There was somewhat mixed reaction to the conclusion of yesterday evening’s FOMC meeting, where the FFR target range was cut for the third time this year by 25bps to 1.50-1.75% as had been expected, but the policy statement and Chair Powell’s press conference implied that the Committee is not ‘contemplating’ a further change in the path of policy over the near term (please see our US Chief Economist Mike Moran’s take on the FOMC decision for more details). Indeed, the 0.1% decline in China’s CSI300 was perhaps smaller than might have been expected given the downbeat tone of the latest Chinese PMIs, with the manufacturing index (49.3) the lowest since February and the non-manufacturing index (down 0.9pt at 52.8) the weakest since February 2016. Meanwhile, Japan’s TOPIX eked out a modest increase (0.1%) as some positive IP figures perhaps offset any disappointment from the conclusion of the BoJ’s meeting, which saw it merely amend its forward guidance but leave the main parameters of its yield curve control unchanged, despite downwardly revising its GDP and CPI forecasts across the horizon (see more details on the BoJ and Japanese data below).
In bond markets, while JGB yields initially moved higher in response to the BoJ’s announcement, 10Y yields followed the global trend lower closing 2bps lower at -0.15%. European govvies have also followed this trend, with 10Y Bund yields currently 4bps lower at -0.40% after some soft German retail sales figures. And following the disappointing European Commission sentiment survey yesterday, which signalled a further deterioration in conditions at the start of Q4, today’s euro area GDP estimate is expected to confirm that growth slowed to 0.1%Q/Q, the weakest since Q113.
As had been widely expected, the conclusion of the BoJ’s Policy Board meeting, where members ‘re-examined’ economic and price developments in the face of global headwinds and following this month’s consumption tax hike, brought no comprehensive overhaul of the BoJ’s yield curve control framework. In particular, the main parameters were left unchanged, with the short-term policy rate left at -0.1%, while the commitment to purchase bonds so that 10Y JGB yields will remain at around 0% was also maintained. Of course, the BoJ reiterated that its purchases would be conducted in a “flexible manner”, but still stuck with its targeted annual increase in its JGB holdings of ¥80trn – a target that hasn’t been met since 2016, while the BoJ is currently on track to increase its holdings by just ¥20trn in 2019.
The BoJ did at least amend its forward guidance, noting that “the Bank expects short- and long-term interest rates to remain at their present or lower levels as long as it is necessary to pay close attention to the possibility that the momentum toward achieving the price stability target will be lost”. And Kuroda again reiterated in his press conference that the Bank still had “various options” for additional easing if required. But for now at least, the BoJ’s ‘assessment’ (arguably dubiously) judged that there had been no further increase in the loss of momentum to achieving its 2% price stability target, noting in particular that inflation expectations are expected to follow an increasing trend, with the output gap remaining positive.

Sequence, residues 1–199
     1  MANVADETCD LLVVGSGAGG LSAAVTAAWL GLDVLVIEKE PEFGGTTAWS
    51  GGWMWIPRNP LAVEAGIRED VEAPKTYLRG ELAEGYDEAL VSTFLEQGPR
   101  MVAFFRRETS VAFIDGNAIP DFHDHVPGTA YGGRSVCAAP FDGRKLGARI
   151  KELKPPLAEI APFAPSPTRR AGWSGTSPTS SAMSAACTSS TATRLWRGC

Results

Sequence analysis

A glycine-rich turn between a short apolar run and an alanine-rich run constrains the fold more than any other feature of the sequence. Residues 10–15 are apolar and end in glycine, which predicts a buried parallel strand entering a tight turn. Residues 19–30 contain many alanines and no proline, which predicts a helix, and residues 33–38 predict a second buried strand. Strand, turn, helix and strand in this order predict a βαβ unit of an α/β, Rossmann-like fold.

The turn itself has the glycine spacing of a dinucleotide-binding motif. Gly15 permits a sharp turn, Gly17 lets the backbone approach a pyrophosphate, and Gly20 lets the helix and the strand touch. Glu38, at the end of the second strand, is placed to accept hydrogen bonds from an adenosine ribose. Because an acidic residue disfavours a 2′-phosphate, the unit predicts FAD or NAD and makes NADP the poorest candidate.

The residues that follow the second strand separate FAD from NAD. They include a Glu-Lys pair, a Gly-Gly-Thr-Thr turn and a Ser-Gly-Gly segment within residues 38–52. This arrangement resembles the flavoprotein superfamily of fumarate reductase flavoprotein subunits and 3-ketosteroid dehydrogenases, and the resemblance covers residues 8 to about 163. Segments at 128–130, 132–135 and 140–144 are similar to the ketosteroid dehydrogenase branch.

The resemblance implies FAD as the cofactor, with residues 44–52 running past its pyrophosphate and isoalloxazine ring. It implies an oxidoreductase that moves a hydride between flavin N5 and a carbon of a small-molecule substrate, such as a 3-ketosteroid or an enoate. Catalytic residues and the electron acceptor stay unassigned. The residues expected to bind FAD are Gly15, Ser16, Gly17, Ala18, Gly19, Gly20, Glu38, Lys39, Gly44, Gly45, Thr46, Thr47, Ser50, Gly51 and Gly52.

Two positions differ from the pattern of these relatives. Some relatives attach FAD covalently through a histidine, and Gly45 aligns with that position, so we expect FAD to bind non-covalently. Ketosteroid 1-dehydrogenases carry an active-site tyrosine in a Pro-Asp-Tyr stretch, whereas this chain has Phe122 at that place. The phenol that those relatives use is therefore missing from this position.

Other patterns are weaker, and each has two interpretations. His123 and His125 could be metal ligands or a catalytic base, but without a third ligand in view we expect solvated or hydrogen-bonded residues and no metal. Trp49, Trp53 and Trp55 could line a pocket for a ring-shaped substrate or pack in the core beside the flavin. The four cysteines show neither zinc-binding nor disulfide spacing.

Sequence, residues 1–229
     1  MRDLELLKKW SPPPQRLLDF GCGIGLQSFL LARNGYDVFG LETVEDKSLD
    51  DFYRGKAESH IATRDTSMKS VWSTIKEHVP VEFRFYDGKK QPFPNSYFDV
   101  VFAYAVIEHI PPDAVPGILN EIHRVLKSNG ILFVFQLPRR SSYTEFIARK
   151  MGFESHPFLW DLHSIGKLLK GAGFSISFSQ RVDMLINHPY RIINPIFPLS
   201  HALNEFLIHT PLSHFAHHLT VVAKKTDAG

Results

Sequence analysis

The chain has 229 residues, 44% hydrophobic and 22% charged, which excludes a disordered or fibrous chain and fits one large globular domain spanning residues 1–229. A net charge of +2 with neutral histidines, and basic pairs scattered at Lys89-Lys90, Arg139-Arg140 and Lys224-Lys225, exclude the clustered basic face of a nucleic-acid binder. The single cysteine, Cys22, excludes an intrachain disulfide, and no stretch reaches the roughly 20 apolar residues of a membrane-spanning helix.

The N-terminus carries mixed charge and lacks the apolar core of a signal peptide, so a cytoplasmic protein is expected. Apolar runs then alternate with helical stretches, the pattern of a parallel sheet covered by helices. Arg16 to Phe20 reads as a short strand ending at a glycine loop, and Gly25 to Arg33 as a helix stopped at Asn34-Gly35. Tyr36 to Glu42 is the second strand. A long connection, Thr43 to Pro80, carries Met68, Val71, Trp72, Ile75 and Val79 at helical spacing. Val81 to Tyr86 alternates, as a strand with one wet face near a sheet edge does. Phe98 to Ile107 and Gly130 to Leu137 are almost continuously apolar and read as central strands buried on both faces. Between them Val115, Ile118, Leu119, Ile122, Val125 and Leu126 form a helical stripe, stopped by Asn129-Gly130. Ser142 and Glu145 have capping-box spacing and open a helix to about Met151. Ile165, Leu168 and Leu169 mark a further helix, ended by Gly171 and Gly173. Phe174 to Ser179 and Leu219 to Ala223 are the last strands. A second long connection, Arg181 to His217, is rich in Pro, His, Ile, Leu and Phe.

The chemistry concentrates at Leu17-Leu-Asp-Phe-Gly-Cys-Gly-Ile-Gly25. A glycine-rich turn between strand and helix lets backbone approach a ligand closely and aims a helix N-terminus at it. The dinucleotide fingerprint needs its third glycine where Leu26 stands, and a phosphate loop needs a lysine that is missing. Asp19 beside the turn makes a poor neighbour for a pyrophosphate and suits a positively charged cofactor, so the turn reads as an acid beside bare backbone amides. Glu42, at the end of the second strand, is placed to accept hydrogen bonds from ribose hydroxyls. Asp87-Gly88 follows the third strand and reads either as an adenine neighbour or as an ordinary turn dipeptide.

Admittedly, the BoJ acknowledged that there are significant uncertainties with regards to the outlook for the output gap and inflation expectations, not least given that downside risks to the growth outlook – largely reflecting overseas developments – appear to be increasing. And the more downbeat global environment saw the BoJ nudge down slightly its expectations from three months ago for GDP growth across the forecast horizon, with growth expected to be no stronger than potential in FY19 (down 0.1ppt to 0.6%Y/Y) and FY20 (down 0.2ppt to 0.7%Y/Y) and only marginally stronger in FY21 (down 0.1ppt to 1.0%Y/Y).
Against this backdrop, the BoJ appropriately offered a more pessimistic view about the near-term inflation outlook, revising down its median forecast for core CPI (excluding fresh foods) in FY19 by 0.3ppt to 0.7%Y/Y (0.5%Y/Y when adjusting for the effects of the consumption tax hike and the government’s free education policies), while also knocking off 0.2ppt from its FY20 projection to 1.1%Y/Y (1.0%Y/Y). But with the output gap judged to remain positive, the BoJ continues to expect some further improvement in FY21, with its forecast of 1.5%Y/Y just 0.1ppt lower than its previous expectation. Of course, this means that core CPI will remain persistently sub-target across the forecast horizon. Moreover, the BoJ admits that the risks to both the growth and inflation outlooks are skewed to the downside.